Amid legislative efforts to repeal in-state tuition for undocumented students, one figure is rarely mentioned: 2 percent.
That's the portion of Texas students enrolled in an institution of higher education who are either undocumented or not permanent residents and receive the reduced rate.
Among those students, most aren't at four-year universities; they're in community college, according to 2013 Texas Higher Education Coordinating Board data.
Legislation moving in the Senate — Senate Bill 1819 by Republican state Sen. Donna Campbell of New Braunfels — would repeal a 2001 provision, signed into law by then-Gov. Rick Perry, that allows some undocumented immigrants to pay in-state tuition rates at public colleges and universities.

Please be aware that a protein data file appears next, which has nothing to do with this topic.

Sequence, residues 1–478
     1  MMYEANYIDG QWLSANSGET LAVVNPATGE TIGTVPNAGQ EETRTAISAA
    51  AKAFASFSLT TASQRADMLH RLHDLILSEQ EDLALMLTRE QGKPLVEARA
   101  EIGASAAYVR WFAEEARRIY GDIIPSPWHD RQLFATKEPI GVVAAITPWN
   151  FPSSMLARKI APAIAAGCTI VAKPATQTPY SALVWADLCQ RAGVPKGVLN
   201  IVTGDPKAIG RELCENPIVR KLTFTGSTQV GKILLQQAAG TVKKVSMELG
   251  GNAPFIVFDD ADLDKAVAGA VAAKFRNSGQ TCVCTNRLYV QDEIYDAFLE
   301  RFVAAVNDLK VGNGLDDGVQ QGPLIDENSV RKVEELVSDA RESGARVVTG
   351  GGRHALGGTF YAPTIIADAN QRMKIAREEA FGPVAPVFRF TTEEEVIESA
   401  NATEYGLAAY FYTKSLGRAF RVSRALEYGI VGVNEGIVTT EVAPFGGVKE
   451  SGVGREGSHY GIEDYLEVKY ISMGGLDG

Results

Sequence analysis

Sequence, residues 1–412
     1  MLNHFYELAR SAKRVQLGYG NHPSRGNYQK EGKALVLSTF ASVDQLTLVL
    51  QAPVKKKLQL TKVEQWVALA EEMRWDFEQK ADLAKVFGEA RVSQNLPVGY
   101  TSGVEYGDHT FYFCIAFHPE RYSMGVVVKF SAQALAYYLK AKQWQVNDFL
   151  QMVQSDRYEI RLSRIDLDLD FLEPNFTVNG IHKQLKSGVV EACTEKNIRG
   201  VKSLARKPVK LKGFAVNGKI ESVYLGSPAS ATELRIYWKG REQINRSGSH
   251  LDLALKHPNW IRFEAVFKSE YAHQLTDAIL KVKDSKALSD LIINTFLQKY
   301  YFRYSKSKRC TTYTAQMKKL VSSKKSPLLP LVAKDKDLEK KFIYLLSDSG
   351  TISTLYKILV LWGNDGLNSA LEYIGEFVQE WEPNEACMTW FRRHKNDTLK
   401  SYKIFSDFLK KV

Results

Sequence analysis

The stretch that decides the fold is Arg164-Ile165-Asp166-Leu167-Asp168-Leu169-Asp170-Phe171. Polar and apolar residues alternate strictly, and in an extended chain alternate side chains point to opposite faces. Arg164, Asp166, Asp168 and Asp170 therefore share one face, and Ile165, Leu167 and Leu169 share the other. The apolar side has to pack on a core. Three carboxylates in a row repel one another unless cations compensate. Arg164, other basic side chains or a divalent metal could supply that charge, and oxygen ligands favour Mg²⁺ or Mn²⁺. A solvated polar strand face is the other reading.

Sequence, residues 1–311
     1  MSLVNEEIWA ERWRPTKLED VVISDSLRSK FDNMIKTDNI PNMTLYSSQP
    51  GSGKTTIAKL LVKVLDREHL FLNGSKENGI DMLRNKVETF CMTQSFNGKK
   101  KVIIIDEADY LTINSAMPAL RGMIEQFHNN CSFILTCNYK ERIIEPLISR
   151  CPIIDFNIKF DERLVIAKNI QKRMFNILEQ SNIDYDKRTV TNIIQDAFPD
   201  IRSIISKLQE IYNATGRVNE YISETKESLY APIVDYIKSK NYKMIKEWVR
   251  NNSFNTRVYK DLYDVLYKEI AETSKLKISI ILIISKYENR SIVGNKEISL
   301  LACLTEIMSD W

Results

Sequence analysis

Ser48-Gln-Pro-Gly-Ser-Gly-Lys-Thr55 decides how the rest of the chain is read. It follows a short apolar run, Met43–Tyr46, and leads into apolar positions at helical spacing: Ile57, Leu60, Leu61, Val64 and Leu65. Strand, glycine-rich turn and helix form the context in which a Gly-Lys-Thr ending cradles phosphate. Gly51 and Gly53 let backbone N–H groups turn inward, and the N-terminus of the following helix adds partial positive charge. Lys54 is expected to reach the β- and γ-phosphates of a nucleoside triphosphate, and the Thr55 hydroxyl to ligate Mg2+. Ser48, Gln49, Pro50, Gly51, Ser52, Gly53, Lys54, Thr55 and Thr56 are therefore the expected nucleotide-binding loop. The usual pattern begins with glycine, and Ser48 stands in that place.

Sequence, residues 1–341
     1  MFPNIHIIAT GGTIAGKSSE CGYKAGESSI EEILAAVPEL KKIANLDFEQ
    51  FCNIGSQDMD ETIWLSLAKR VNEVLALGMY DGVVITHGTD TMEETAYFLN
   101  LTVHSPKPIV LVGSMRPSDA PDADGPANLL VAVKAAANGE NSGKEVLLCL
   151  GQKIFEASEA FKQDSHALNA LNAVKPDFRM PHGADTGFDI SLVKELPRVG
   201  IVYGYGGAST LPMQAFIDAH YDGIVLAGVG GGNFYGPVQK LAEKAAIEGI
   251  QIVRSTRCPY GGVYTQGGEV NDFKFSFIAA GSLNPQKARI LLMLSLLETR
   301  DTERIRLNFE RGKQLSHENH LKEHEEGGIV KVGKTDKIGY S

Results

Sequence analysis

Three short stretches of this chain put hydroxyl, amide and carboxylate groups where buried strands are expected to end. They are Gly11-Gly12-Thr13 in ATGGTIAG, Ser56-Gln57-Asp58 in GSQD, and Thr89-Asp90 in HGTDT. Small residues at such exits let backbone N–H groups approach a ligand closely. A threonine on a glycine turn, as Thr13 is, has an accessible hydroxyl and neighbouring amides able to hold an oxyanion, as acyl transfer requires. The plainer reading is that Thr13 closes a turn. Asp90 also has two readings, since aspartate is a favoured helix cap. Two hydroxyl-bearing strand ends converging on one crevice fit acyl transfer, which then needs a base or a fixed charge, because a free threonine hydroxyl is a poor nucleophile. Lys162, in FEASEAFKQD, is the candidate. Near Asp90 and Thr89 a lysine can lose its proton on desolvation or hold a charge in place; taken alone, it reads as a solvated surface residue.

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The provision grants in-state tuition to students who are neither U.S. citizens nor permanent residents if they have lived in Texas for at least three years and pledge to apply for legal status as soon as they can under federal law.
Opponents of the provision have argued that it gives people who entered the country illegally a leg up in the admissions process at schools that must turn other students away.
Democrats and some Republicans oppose a repeal, saying it would hurt students brought into the state as children by no fault of their own, and harm Texas' future skilled workforce.
Use this interactive to see the number of undocumented students who received in-state tuition at specific universities and community colleges in 2013, and to review the 10 institutions of higher education with the largest number. (Among them, eight are community colleges.)
For context: The two four-year universities on the top 10 list — the University of Texas at Austin and the University of Texas-Pan American — had about a fifth of the undocumented students on in-state tuition in the Dallas Community College District.
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